Five years ago this month we finished work on Salem’s Age-Friendly Action Plan, the outcome of which was the Salem for All Ages initiative.
As we reach this milestone, we are grateful, as a city that values and includes people of all ages and abilities in our community’s vibrancy, activity and programming, for the many individuals and organizations who have contributed to the success of the initiative.
Salem for All Ages is overseen by a leadership council, comprised of public officials, community leaders, and the heads of nonprofits and businesses across Salem. I am thankful for the time and attention the Leadership Council members have devoted to helping prioritize the initiative’s work and shape its growth and trajectory over the past five years.
The day-to-day work of implementing the action plan’s recommendations is handled by the dedicated members of the Salem for All Ages Task Force. The task force, which meets monthly both as a group and in smaller subcommittees addressing specific focus areas of the age-friendly plan, is made up of city staff, board and commission members, and other community members. They share a common vision of a welcoming city that supports and includes people of every age.
Since 2016, Salem for All Ages has celebrated many achievements.
To help provide greater access to community resources, the task force went to work in year one setting up a website, www.salemforallages.org, and social media presence, as well as a printed Salem for All Ages resource guide, which is mailed out each month to Salem residents who have turned 65 years old. To better connect older adults with volunteer opportunities in our city, Salem for All Ages took on the overhaul of www.salemvolunteers.org, to provide connections between organizations in need of help and residents eager to get involved to better the community.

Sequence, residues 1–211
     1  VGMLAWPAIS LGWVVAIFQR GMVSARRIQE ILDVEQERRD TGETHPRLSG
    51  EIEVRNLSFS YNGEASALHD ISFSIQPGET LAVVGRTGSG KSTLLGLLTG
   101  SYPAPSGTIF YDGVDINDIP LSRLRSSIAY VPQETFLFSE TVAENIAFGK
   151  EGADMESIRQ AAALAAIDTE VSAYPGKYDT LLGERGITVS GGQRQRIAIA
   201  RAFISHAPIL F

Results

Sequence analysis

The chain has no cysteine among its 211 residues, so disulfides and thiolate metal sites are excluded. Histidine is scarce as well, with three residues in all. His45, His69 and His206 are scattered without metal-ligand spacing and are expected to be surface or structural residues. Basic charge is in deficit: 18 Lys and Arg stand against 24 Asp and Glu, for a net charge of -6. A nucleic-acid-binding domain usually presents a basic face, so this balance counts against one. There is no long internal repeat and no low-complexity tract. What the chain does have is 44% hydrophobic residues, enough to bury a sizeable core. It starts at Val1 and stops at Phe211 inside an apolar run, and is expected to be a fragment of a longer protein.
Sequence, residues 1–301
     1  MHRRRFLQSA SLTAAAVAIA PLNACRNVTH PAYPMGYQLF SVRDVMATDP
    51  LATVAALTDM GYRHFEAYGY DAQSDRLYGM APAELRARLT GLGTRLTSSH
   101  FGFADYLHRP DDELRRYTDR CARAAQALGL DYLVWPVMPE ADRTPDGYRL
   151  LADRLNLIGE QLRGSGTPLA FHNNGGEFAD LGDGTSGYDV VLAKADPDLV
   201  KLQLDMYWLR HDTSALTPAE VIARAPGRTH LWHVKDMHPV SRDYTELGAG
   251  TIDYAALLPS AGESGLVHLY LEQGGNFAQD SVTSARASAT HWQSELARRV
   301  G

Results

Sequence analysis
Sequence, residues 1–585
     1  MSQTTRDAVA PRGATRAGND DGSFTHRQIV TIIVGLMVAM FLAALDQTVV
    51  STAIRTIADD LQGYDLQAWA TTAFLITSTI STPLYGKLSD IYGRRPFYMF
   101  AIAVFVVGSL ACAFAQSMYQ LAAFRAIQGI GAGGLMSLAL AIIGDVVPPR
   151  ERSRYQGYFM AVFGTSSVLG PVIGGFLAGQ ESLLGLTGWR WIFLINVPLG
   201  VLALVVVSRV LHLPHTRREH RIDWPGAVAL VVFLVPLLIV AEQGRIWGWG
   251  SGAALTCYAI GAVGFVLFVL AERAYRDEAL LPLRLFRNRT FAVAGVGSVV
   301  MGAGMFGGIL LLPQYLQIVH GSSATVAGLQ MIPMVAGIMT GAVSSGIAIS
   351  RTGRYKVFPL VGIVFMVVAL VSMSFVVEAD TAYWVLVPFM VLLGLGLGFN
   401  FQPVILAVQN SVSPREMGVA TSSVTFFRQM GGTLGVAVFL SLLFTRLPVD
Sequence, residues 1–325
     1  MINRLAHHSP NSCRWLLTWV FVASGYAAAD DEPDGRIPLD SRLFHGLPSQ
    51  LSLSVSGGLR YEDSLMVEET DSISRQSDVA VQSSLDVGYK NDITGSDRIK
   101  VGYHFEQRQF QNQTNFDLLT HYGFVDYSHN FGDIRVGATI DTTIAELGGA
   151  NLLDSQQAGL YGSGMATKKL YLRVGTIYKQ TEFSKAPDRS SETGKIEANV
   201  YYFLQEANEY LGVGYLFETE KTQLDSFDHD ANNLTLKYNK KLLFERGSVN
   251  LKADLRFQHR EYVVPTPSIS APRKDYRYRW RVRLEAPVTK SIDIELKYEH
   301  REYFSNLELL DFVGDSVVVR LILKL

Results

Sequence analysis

Sharing information is a key part of the Salem for All Ages mission and the group has fulfilled that by hosting numerous events, symposiums, and speakers over the years. Highlights include presentations on universal design by the Institute for Human-Centered Design, a transportation fair to share information about the multiple options for getting around Salem and the region, and a speaker series of doctors and health professionals organized in collaboration with North Shore Physicians Group and North Shore Medical Center. Task force leaders have also been invited to speak and present to other cities and towns throughout Massachusetts interested in emulating the Salem for All Ages model to create their own age-friendly programs.
The Salem for All Ages health subcommittee helped with Salem Together’s thousands of well-being check-in phone calls to Salem seniors in the spring of 2020 during pandemic lockdown. The group has also been part of Salem Food For All’s efforts to expand community gardens and nutritious food options at the Community Life Center and its drive-through farmer’s market, our community’s pantry sites, and through emergency food delivery for homebound seniors during the pandemic. Most recently they have been working closely with North Shore Medical Center on a “food is medicine” program to help better align medical care with diet and nutrition with local healthcare providers.
In order to expand our age-friendly practices throughout the community, Salem for All Ages launched the Age-Friendly Business certification program, to highlight those businesses that met key standards and metrics for inclusivity and accessibility. In addition, Task Force members have given presentations and trainings to major employers in the community, helping them better understand customer service and approaches for respectful personal interactions with older customers, patrons, and clients. These trainings have also included for City staff and personnel.
Some of the most visible work of the Salem for All Ages initiative, however, is visible in the incredibly popular Salem Skipper program, the completion of the City’s Americans with Disabilities Act (ADA) Transition Plan, and our recent adoption of a law allowing affordable Accessory Dwelling Units (ADUs), sometimes also called in-law apartments.